Forum for Science, Industry and Business

Sponsored by:     3M 
Search our Site:

 

’Sound icons’ to warn drivers of hazards

24.03.2004


Researchers have subjected volunteers to the sounds of cockerels, bells, babies crying and footsteps to find out how people perceive urgency and pleasantness.



The two-year EPSRC-funded project aims to find the most appropriate sounds – such as those of screeching tyres or car horns – to warn drivers of hazards on the road.

Researchers from the school of psychology are helping car manufacturers come up with the best ‘audible icons’ to convey alerts to drivers by discovering the appropriateness of different sounds.


In their tests the most unpleasant sound was found to be a horn blast and the least unpleasant the sea. The most urgent was an electronic warning pulse and least urgent the sound of a house martin singing. Highly urgent sounds were also judged least pleasant.

Car manufacturers are interested in the use of ‘realistic’ sounds as alerts because they cut reaction times and increase drivers’ awareness of what is going on around them.

Sounds do not interfere with the visual aspects of driving the car and reaction time is cut if meaningful sounds are made to indicate a specific hazard rather than simply indicating that something is amiss.

Over the next year Leeds researchers aim to find out exactly which types of sounds are most suitable as audible icons in cars using the University’s advanced driving simulator. The research is necessary to ensure that a sound is perceived as having a meaning but is not so annoying that car users disable it.

Dr Denis McKeown, who is leading the project, said the use of audible icons would be particularly useful for collision detection systems being developed by car makers. These use sensors to measure the speed and distance of a vehicle from the car in front and regulate braking so the two do not collide.

He said: “Audible icons may produce significantly faster response times than tone or speech warnings but we have to find out which ones convey the right degree of urgency and a commonly-understood meaning. While using such ‘realistic’ sounds as alarms conveys more meaning there is a possibility people can respond incorrectly and not take enough time to assess the road situation themselves.”

Vanessa Bridge | University of Leeds
Further information:
http://reporter.leeds.ac.uk/497/s3.htm

More articles from Transportation and Logistics:

nachricht New players, standardization and digitalization for more rail freight transport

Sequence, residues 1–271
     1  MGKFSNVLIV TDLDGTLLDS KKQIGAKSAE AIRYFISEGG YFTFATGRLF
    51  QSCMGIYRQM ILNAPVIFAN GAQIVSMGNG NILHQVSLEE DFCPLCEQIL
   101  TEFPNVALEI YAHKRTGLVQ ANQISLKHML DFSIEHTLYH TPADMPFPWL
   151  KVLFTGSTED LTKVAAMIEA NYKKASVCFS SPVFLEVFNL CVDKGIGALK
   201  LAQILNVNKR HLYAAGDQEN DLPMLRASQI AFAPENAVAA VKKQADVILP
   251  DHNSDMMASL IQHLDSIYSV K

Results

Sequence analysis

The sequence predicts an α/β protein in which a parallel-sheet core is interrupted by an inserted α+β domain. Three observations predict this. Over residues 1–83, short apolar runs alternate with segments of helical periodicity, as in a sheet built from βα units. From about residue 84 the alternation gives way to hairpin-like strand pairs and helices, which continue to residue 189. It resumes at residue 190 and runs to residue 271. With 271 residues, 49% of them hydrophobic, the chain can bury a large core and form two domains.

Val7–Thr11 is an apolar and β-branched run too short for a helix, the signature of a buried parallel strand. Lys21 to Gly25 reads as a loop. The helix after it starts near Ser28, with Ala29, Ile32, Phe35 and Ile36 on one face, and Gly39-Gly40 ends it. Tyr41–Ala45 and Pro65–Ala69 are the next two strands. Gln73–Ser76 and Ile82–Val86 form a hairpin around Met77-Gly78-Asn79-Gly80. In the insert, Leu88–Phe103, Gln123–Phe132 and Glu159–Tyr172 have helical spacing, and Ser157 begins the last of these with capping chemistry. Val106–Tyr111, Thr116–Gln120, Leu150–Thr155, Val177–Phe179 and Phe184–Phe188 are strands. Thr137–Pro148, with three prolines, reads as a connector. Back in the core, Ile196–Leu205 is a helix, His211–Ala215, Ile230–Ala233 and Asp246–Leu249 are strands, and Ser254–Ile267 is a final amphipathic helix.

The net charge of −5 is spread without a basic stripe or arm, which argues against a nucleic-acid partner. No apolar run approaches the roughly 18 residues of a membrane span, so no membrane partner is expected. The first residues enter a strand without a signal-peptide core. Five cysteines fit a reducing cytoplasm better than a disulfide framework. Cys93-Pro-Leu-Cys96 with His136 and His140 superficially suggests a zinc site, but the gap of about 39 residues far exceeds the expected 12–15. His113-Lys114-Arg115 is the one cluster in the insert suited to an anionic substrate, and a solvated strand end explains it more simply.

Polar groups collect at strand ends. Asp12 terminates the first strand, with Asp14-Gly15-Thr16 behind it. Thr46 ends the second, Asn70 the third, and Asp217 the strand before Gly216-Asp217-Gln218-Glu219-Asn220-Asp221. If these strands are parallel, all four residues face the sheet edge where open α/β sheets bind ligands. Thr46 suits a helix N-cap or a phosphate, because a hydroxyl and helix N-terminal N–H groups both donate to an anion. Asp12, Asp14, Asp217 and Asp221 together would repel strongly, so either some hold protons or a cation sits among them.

16.07.2018 | Fraunhofer-Institut für System- und Innovationsforschung (ISI)

nachricht A helping (Sens)Hand
11.04.2018 | Fraunhofer-Institut für Arbeitswirtschaft und Organisation IAO

All articles from Transportation and Logistics >>>

The most recent press releases about innovation >>>

Die letzten 5 Focus-News des innovations-reports im Überblick:

Im Focus: Nonstop Tranport of Cargo in Nanomachines

Max Planck researchers revel the nano-structure of molecular trains and the reason for smooth transport in cellular antennas.

Moving around, sensing the extracellular environment, and signaling to other cells are important for a cell to function properly. Responsible for those tasks...

Im Focus: UNH scientists help provide first-ever views of elusive energy explosion

Researchers at the University of New Hampshire have captured a difficult-to-view singular event involving "magnetic reconnection"--the process by which sparse particles and energy around Earth collide producing a quick but mighty explosion--in the Earth's magnetotail, the magnetic environment that trails behind the planet.

Magnetic reconnection has remained a bit of a mystery to scientists. They know it exists and have documented the effects that the energy explosions can...

Im Focus: A Chip with Blood Vessels

Biochips have been developed at TU Wien (Vienna), on which tissue can be produced and examined. This allows supplying the tissue with different substances in a very controlled way.

Cultivating human cells in the Petri dish is not a big challenge today. Producing artificial tissue, however, permeated by fine blood vessels, is a much more...

Im Focus: A Leap Into Quantum Technology

Faster and secure data communication: This is the goal of a new joint project involving physicists from the University of Würzburg. The German Federal Ministry of Education and Research funds the project with 14.8 million euro.

In our digital world data security and secure communication are becoming more and more important. Quantum communication is a promising approach to achieve...

Im Focus: Research icebreaker Polarstern begins the Antarctic season

What does it look like below the ice shelf of the calved massive iceberg A68?

On Saturday, 10 November 2018, the research icebreaker Polarstern will leave its homeport of Bremerhaven, bound for Cape Town, South Africa.

All Focus news of the innovation-report >>>

Anzeige

Anzeige

VideoLinks
Industry & Economy
Event News

Optical Coherence Tomography: German-Japanese Research Alliance hosted Medical Imaging Conference

19.11.2018 | Event News

“3rd Conference on Laser Polishing – LaP 2018” Attracts International Experts and Users

09.11.2018 | Event News

On the brain’s ability to find the right direction

06.11.2018 | Event News

 
Latest News

Nonstop Tranport of Cargo in Nanomachines

20.11.2018 | Life Sciences

Researchers find social cultures in chimpanzees

20.11.2018 | Life Sciences

When AI and optoelectronics meet: Researchers take control of light properties

20.11.2018 | Physics and Astronomy

VideoLinks
Science & Research
Overview of more VideoLinks >>>